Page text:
Md. Court says expert's violation of tort reform law grounds for dismissal
ANNAPOLIS, Md. - In a recent medical malpractice decision, Maryland's highest court said expert witnesses need to submit proper documentation or the plaintiff's claim becomes invalid.
The Court of Appeals on July 27 dismissed the lawsuit of Mary Carroll, who alleged negligence on the part of Dr. Phillip Konits and Dr. Efem Imoke. She blamed the two for a catheter that remained in her chest long after her chemotherapy concluded.
However, the Baltimore City Circuit Court by a 5-2 vote ruled that the Certificate of Qualified Expert from Carroll's expert witness, Dr. Wanda Simmons-Clemens, violated the state's Health Care Malpractice Statute.
The majority opinion, authored by Dale Cathell, says the Court was required to dismiss the claim.
"(W)e hold that a Certificate is a condition precedent and at a minimum, must identify with specificity, the defendant(s) (licensed professional(s) against whom the claims are brought, include a statement that the named defendant(s) breached the applicable standard of care, and that such a departure from the standard of care was the proximate cause of the plaintiff's injuries," Cathell said.
"(B)ecause the Certificate is a condition precedent, the Circuit Court for Baltimore City correctly granted the appellees' motion to dismiss the case and, accordingly, we affirm the judgment of the Circuit Court for Baltimore City."
Imoke performed a unilateral mastectomy of Carroll's left breast in 2001, then referred her to Konits for chemotherapy without scheduling the removal of the catheter. Carroll says she was unaware of the catheter.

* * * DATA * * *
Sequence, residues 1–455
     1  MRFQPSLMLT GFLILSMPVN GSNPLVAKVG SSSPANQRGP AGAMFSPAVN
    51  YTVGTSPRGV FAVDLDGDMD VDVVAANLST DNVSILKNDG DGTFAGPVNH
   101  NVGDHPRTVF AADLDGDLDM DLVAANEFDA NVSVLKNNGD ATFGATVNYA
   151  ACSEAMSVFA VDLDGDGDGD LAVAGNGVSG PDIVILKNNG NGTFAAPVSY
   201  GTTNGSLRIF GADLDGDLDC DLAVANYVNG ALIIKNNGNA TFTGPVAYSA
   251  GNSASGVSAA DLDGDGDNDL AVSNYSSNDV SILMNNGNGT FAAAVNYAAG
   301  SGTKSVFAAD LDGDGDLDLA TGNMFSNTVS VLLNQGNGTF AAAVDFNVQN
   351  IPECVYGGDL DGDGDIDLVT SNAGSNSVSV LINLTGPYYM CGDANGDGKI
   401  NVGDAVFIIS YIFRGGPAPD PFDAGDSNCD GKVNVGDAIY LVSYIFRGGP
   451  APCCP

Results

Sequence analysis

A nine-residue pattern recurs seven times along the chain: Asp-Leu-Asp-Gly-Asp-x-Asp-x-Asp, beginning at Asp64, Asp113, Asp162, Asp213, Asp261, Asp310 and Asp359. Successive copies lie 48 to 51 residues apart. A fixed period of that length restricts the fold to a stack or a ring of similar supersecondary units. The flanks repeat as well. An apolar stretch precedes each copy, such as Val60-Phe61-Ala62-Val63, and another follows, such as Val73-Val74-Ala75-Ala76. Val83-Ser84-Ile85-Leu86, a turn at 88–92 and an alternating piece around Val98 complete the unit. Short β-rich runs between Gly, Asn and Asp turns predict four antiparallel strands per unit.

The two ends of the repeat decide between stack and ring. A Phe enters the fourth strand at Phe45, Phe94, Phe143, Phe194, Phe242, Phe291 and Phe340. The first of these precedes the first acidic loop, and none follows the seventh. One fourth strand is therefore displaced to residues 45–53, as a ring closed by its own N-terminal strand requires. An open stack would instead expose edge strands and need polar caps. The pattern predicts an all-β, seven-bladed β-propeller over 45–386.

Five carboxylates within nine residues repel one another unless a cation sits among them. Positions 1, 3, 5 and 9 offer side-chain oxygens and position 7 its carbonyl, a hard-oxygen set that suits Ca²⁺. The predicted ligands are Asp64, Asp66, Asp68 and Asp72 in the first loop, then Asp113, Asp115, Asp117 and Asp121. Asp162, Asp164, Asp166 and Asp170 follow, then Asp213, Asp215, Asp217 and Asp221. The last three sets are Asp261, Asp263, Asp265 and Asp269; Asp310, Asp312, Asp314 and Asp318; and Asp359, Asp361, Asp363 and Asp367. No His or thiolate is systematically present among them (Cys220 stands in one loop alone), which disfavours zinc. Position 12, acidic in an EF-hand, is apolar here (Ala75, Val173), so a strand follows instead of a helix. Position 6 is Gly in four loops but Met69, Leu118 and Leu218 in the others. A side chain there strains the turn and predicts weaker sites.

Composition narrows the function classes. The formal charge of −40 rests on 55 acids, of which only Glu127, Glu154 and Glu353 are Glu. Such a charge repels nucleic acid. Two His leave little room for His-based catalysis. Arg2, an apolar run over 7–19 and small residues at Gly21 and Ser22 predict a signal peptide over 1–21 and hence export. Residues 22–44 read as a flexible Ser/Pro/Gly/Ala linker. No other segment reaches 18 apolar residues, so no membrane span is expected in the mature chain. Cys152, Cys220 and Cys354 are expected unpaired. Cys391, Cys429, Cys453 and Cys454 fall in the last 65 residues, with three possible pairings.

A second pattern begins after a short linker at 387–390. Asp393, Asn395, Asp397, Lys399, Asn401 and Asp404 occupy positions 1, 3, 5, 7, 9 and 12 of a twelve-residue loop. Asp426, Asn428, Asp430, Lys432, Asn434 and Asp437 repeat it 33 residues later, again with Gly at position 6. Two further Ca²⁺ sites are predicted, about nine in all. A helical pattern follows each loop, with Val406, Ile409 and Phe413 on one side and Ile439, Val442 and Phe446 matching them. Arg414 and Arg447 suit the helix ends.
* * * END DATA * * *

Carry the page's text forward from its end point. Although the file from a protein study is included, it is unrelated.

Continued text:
She completed chemotherapy in April 2002, and the catheter was not removed March 2003. As a result, Carroll says she suffered pain and discomfort, a deep vein thrombosis and chronic venous stasis of the right arm with chronic lymph edema.
After waiving arbitration, Carroll filed the suit, which was then dismissed.
The opinion discussed the 1986 amendment regarding expert witnesses to the Health Care Malpractice Statute of 1976, designed by the state's Legislature to curb frivolous claims.
On the issue of whether the Certificate is a must in bringing suit, Cathell wrote, "In McCready, we stated that the Statute requires arbitration prior to pursuing a claim in the circuit court and then said: 'A claimant's filing of an expert's certificate is an indispensable step in the . . . arbitration process.'"
Chief Justice Robert Bell and Justice Clayton Greene dissented, but did not offer opinions.
The Court made good use of its decision three days later, issuing an order in Jason Barber's case against Catholic Health Initiatives.
Barber, acting as the personal representative of Carolyn Barber, sued Catholic Health but used a Certificate of Qualified Expert that did not conform to the statute.
Thus, the Court of Appeals vacated the April decision of Court of Special Appeals, which reinstated the case after it was dismissed. The case was remanded to the Court of Special Appeals for further consideration.